Consider the risks associated with animal intrusion in fields before harvest

Learn more about the risks associated with the three main types of animal intrusion a grower may find during a preharvest wildlife assessment.

Wildlife tracks in a field
Photo by Phil Tocco, MSU Extension

Animal activity on the farm can be a huge risk to food safety when growing fruits and vegetables, which is why preharvest wildlife scouting is so important. The Food Safety Modernization Act (FSMA) Produce Safety Rule requires fresh produce growers visually examine their fields and covered produce for signs of potential contamination (CFR 112.83 (b)), and that they take all measures reasonably necessary to identify, and not harvest, covered produce that is likely to be contaminated with animal excreta (CFR 112.112).

How do growers determine, though, what crops are safe to harvest versus what crops are likely to be contaminated? It’s important to consider the type and severity of the animal intrusion in fields before harvest.

Three types of animal intrusion you might find include animal tracks, crop damage and animal scat or feces. In the case of animal tracks, only one instance of tracks in the field carries a relatively low risk. On the other hand, sporadic or widespread animal tracks carry a moderate risk, and a no-harvest buffer zone may need to be created around nearby crops.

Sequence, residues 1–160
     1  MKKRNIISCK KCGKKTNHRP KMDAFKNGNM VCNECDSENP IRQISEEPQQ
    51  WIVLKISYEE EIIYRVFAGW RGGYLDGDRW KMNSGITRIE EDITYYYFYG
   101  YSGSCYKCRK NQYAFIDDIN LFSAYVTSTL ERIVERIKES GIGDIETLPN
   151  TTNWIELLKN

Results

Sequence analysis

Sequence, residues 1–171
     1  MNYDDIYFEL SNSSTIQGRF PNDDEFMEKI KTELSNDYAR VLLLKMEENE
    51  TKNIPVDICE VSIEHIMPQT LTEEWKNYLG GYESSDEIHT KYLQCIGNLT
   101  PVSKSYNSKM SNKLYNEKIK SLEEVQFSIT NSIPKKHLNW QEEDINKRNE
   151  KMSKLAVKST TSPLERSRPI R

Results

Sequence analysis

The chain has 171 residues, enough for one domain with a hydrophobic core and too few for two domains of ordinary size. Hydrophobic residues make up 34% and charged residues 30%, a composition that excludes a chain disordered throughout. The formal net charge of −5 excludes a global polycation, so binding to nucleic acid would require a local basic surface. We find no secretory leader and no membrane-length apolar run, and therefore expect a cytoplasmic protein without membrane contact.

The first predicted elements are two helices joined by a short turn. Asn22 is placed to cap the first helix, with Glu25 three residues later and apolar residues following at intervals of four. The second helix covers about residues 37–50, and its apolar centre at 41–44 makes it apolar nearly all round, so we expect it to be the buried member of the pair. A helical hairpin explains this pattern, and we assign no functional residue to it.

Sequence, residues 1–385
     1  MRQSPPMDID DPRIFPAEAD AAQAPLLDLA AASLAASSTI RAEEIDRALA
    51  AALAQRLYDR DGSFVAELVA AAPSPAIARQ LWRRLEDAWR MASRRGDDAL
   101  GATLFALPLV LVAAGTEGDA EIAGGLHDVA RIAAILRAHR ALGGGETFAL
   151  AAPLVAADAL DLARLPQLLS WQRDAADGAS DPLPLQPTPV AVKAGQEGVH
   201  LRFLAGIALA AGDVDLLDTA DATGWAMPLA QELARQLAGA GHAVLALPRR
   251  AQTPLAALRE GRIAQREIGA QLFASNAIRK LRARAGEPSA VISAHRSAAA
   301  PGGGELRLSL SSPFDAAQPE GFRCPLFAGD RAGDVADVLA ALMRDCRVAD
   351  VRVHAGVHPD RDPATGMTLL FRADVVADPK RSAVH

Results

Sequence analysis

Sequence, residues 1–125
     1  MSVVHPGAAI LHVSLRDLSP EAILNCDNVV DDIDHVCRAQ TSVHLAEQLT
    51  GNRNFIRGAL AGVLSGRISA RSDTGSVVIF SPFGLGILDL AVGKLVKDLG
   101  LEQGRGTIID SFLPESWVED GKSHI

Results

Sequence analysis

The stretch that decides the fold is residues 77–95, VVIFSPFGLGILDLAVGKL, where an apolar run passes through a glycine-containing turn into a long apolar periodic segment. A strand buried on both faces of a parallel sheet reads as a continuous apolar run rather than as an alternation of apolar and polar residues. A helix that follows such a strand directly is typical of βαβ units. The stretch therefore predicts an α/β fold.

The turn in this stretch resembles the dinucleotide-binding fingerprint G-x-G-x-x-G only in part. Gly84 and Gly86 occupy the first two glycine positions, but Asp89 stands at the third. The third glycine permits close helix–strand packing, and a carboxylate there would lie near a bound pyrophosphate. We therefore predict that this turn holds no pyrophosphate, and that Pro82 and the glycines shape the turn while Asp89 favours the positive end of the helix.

Crop damage, such as bite marks or trampled plants, is riskier than animal tracks. Sporadic evidence, such as a few observations of trampled plants throughout the field, is moderately risky. Widespread crop damage is a high risk and indicates significant evidence of contamination. Marking and avoiding harvest around high risk areas of crop damage is a good strategy to reduce the potential for contamination. 

Risks associated with fecal matter in the field are the highest. For even just one instance of fecal matter, the risk of contamination is moderate. Widespread evidence of fecal contamination is very high risk and would justify marking the contaminated area and creating a no-harvest buffer zone around the area where significant feces was found.

To learn more, this interactive video made by Michigan State University Extension leads viewers through a simulated preharvest wildlife assessment of a carrot field. This hands-on approach allows the viewer to choose where to scout within the field, record any observations they find, and make a final decision on what to harvest in order to maximize safety and profitability.

Risks posed by wildlife cannot be eliminated, but they can be managed through a common-sense preharvest wildlife scouting program. By taking action and avoiding harvest around significant areas wildlife damage, produce will be much safer to eat. 

If you have specific questions about the Produce Safety Rule or have difficulty tailoring GAPs to your farm, you are welcome to contact the Agrifood Safety Work Group at gaps@msu.edu or 517-788-4292.

Funding for this article was made possible, in part, by the Food and Drug Administration through grant PAR-16-137. The views expressed in the written materials do not necessarily reflect the official policies if the Department of Health and Human Services; nor does any mention of trade names, commercial practices or organization imply endorsement by the United States Government.


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